Denmark is the third largest economy in the Nordic region. The country’s economy is highly integrated with the rest of Europe and features manufacturing, the food industry and the pharmaceutical industry, and the agricultural sector is one of the most productive in the world. Due to its small land area and lack of raw materials and resources, the Danish economy relies heavily on foreign trade, with strong exports of pharmaceuticals, food and energy. In recent years, Danish service trade exports have increased dramatically, especially shipping and freight services. This is due to the large number of shipping companies headquartered in Denmark and the important role they play in aligning global supply chains. Denmark’s foreign trade has maintained an overall surplus for many years in a row, mainly due to the surplus achieved in service trade. Energy will remain one of Denmark’s most competitive industries, and Denmark is also a global pioneer in clean energy technology. Denmark has a developed insurance and asset management industry. The Copenhagen Stock Exchange is small but fully integrated into the Nasdaq Nordic system, which covers the entire region. Denmark is also a global leader in digital communications infrastructure.

Finland is well developed in information and communication technology, mechanical and electronic manufacturing, and forestry. The country’s mobile communications market is one of the most advanced in the world. In terms of connectivity, Finland ranks eighth out of 27 EU countries, according to the EU Digital Economy and Society Index 2022. Finland’s 5G coverage is well above the EU average, according to data from Finland’s national telecommunications regulator Transport Communications. Finland’s financial industry is small but strong and highly integrated with the EU. In October 2018, Nordea moved its global headquarters from Stockholm, Sweden, to Helsinki, Finland, reshaping Finland’s financial landscape.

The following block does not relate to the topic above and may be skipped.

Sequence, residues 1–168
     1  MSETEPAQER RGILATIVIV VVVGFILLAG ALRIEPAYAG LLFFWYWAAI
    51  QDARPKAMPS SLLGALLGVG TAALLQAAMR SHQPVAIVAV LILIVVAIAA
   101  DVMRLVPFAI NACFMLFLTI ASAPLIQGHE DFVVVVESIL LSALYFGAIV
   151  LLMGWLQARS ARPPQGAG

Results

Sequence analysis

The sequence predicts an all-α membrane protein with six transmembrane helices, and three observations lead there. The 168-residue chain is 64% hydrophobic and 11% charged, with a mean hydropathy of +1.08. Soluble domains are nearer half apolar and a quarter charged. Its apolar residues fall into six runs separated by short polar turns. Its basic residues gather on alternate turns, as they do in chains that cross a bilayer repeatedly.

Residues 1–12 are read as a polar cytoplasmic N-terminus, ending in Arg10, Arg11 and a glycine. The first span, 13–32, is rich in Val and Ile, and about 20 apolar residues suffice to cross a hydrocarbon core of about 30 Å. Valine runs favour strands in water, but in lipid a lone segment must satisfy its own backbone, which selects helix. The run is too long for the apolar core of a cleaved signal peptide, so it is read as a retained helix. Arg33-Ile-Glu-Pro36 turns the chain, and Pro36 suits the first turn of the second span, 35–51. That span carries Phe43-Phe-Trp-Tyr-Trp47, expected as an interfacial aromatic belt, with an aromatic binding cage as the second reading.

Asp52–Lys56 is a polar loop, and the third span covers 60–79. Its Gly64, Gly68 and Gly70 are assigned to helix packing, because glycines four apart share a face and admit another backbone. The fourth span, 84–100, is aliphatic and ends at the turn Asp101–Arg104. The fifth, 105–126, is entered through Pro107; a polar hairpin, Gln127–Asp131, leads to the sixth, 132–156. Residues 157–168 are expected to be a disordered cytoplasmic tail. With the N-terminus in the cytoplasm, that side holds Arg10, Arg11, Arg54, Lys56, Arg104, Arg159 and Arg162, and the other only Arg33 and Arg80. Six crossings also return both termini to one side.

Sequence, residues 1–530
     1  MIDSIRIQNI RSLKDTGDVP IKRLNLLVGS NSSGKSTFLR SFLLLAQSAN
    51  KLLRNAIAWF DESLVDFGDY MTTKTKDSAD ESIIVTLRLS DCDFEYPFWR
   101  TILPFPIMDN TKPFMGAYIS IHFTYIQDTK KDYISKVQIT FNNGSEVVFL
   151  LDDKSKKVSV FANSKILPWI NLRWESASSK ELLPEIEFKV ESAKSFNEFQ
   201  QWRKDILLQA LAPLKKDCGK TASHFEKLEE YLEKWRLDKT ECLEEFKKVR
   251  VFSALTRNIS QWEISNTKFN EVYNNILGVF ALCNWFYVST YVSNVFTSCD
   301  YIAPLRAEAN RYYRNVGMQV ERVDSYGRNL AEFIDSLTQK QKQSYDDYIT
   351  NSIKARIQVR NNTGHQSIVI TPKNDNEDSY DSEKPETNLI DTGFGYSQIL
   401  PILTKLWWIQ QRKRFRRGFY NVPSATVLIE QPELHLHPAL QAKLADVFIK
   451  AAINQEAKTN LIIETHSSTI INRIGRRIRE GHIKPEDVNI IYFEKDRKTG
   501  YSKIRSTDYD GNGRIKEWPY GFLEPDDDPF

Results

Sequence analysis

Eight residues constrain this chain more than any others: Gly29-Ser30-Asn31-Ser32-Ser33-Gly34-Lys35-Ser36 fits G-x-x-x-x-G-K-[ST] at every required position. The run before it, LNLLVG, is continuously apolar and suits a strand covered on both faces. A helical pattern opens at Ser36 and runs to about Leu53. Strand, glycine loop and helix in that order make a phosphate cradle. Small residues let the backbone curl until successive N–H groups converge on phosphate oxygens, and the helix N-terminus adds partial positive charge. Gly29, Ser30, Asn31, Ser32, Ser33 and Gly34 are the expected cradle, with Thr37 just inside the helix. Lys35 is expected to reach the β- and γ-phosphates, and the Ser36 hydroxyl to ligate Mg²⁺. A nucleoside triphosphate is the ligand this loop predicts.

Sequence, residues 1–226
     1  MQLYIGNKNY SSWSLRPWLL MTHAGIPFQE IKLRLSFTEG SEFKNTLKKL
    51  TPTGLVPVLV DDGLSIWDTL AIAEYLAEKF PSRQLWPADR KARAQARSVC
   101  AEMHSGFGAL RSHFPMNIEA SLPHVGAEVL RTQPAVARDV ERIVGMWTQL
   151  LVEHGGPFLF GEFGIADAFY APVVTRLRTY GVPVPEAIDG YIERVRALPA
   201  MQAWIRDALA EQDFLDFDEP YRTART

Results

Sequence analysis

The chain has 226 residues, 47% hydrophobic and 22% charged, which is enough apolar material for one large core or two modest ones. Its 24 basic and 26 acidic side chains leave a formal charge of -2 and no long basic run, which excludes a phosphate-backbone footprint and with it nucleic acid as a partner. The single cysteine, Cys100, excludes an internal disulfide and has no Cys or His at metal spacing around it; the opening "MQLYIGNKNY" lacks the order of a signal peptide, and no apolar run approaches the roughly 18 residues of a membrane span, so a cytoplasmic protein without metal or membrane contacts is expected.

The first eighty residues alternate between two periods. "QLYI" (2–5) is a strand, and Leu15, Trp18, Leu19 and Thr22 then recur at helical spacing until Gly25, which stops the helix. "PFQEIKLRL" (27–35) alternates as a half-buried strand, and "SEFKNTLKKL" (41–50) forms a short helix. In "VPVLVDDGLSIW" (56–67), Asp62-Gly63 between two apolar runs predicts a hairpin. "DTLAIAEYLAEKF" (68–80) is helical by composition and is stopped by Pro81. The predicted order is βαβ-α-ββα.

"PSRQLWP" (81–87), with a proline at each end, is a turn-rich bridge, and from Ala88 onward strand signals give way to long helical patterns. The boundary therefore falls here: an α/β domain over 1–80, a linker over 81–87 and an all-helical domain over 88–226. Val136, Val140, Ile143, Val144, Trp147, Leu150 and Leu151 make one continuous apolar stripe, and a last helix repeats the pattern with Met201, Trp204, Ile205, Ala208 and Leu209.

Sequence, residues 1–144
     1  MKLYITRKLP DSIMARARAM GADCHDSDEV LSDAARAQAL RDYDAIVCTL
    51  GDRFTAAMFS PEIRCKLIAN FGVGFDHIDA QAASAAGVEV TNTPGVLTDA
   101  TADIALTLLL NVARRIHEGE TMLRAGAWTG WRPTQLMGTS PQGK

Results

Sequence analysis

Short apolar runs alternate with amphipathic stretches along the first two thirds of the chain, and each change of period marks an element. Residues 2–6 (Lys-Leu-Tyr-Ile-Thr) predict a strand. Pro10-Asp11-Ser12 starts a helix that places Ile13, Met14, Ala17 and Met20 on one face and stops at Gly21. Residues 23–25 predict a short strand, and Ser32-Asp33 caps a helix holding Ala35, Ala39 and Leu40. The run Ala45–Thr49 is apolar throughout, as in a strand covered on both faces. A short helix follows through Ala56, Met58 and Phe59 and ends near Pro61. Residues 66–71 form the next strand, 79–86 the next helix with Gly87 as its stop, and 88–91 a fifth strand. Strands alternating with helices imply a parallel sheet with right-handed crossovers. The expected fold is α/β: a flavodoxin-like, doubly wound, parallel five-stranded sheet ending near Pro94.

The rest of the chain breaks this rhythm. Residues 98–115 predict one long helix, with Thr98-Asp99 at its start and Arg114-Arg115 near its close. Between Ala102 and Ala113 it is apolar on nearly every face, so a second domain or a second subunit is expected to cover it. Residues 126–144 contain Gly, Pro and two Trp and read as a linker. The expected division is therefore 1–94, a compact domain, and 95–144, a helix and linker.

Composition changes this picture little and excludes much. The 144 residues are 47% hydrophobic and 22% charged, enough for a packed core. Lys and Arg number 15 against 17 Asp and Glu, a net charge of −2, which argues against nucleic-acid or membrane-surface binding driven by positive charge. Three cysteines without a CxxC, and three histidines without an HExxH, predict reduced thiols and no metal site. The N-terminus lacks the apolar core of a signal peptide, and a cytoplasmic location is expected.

Iceland has no army and is a small economy that relies on a few industries. It once went from prosperity to the brink of bankruptcy. Iceland was one of the richest countries in Europe before the 2008 financial crisis, with per capita GDP ranking sixth in Europe. In 2008, due to the spread of the global financial crisis, Icelandic banks’ short-term financing sources dried up and capital fled in large quantities. The Icelandic krona depreciated rapidly and the inflation rate soared. Iceland’s three major systemic banks collapsed one after another, the stock market and real estate market collapsed, unemployment soared, debt exceeded seven times GDP, and the entire country was on the verge of bankruptcy. Since then, the Icelandic government has tightened monetary policy, nationalized banks, implemented capital controls and other measures, and received assistance from external financial institutions and some members of the Nordic Council. Iceland’s economic growth began to accelerate in 2015. After 2010, Iceland’s economy has been highly dependent on tourism, with tourism revenue accounting for more than one-third of total export revenue. Fishing and aluminum smelting are also the country’s leading industries (thanks to the abundance of cheap geothermal electricity for the energy-intensive smelting process), each accounting for more than a third of total goods exports. In recent years, Iceland has attracted more diversified foreign direct investment, including wholesale and retail trade, real estate, technological services, information and communications, and investment in the financial sector is also prominent. The Icelandic government is committed to diversifying its economy and attracting foreign investment. However, due to its small and open economy, the Icelandic krona is prone to large fluctuations.